The real death rate of COVID-19 in the U.S. may be 140 times smaller than what is being reported

By Daniel Alman (aka Dan from Squirrel Hill)

March 30, 2020

It’s possible that the number of people in the U.S. who are infected with COVID-19 is much bigger than the number that is being currently reported, but many of those people haven’t gotten substantially sick, and so haven’t gotten tested.

The death rate is calculated by dividing the number of people who die by the number who get infected.

But while we do have accurate information about the numerator, we really have no idea what the denominator is. It’s possible that the real denominator is magnitudes bigger than what is being reported, because most infected people have either no symptoms or minor symptoms, and thus, don’t get tested. If this is indeed the case, then it’s possible that the real death rate is far, far lower than the one that is being reported.

As of this writing (early March 30, 2020), in the U.S., 142,735 people have tested positive for COVID-19, and of those, 2,489 have died from it. (I got those numbers from this link, which is continuously being updated.)

Based on these numbers, the fatality rate in the U.S.  is 1.744%

Meanwhile, Iceland tested a large segment of its population, including people with no symptoms, and found that 6.3% of them have COVID-19.

The U.S. has 328 million people. If we extrapolate Iceland’s figure of 6.3% to the U.S., it would suggest that more than 20 million people in the U.S. have COVID-19. (I realize that extrapolating Iceland’s test results to the U.S. is not the ideal way to determine the rate of infection in the U.S. But given the absence of this particular type of widespread testing in the U.S., it’s probably the most accurate guess that we can make at this point in time. Hopefully, such widespread testing will be done in the U.S., and we will then have a more accurate number.)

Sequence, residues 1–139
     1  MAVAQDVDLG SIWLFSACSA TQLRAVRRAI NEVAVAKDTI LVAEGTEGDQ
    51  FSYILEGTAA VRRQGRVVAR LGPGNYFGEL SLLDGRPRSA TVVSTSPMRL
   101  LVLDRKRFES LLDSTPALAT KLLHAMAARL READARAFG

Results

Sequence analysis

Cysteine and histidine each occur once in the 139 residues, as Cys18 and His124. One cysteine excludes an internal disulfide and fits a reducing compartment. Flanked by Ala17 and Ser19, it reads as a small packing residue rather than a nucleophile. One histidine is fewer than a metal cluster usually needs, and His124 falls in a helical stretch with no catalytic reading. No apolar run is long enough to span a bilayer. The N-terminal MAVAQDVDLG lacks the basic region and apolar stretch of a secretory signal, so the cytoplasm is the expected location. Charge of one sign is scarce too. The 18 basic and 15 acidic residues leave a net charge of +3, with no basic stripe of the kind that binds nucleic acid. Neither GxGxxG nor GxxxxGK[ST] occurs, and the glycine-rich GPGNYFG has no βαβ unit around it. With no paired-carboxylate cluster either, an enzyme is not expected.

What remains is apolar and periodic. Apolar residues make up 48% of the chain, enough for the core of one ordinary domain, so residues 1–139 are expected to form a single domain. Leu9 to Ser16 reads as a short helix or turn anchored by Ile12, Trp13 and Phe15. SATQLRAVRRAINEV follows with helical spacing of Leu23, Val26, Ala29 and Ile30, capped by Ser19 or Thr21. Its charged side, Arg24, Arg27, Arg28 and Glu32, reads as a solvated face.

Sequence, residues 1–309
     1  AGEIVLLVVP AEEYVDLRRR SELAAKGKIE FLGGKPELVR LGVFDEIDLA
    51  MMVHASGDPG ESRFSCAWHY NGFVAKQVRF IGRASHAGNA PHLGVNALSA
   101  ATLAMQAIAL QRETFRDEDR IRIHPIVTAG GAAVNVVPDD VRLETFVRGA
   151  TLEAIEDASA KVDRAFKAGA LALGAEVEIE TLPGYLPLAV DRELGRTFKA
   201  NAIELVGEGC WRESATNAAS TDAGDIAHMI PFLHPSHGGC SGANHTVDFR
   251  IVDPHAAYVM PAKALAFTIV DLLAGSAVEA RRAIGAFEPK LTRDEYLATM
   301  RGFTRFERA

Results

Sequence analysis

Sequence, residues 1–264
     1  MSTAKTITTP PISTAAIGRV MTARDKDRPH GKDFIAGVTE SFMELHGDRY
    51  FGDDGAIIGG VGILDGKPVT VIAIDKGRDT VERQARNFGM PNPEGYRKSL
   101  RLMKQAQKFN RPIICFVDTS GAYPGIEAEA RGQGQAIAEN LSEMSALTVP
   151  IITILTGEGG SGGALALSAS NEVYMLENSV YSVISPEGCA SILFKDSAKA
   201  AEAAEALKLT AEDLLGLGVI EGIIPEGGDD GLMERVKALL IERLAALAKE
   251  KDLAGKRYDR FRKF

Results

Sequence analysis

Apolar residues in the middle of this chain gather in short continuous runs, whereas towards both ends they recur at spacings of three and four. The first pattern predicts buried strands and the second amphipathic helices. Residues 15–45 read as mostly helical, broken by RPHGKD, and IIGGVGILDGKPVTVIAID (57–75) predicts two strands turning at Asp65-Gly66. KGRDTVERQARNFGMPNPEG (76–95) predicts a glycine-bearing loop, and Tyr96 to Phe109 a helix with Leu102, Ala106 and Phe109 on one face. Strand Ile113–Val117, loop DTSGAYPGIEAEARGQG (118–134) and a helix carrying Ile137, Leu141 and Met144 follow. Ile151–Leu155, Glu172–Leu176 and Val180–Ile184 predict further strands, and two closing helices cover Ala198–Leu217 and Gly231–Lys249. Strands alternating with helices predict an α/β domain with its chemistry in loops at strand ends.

So for the U.S., the real denominator may be 140 times bigger than the one that is being reported.

Which, if true, would indicate that the estimated real death rate in the U.S. is more than two magnitudes smaller than what is being reported.

And, if true, would mean that the estimated real death rate in the U.S. is 0.01246%.

Note from Daniel Alman: If you like this blog post that I wrote, you can buy my books from amazon, and/or donate to me via PayPal, using the links below:

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March 30, 2020. Tags: , , , . COVID-19, Health care, Math.

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